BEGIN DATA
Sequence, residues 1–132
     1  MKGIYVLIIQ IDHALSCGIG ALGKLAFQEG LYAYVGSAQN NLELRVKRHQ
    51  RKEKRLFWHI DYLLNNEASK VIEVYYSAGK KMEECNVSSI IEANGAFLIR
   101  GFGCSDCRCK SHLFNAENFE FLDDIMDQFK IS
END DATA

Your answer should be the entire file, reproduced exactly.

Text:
Sequence, residues 1–132
     1  MKGIYVLIIQ IDHALSCGIG ALGKLAFQEG LYAYVGSAQN NLELRVKRHQ
    51  RKEKRLFWHI DYLLNNEASK VIEVYYSAGK KMEECNVSSI IEANGAFLIR
   101  GFGCSDCRCK SHLFNAENFE FLDDIMDQFK IS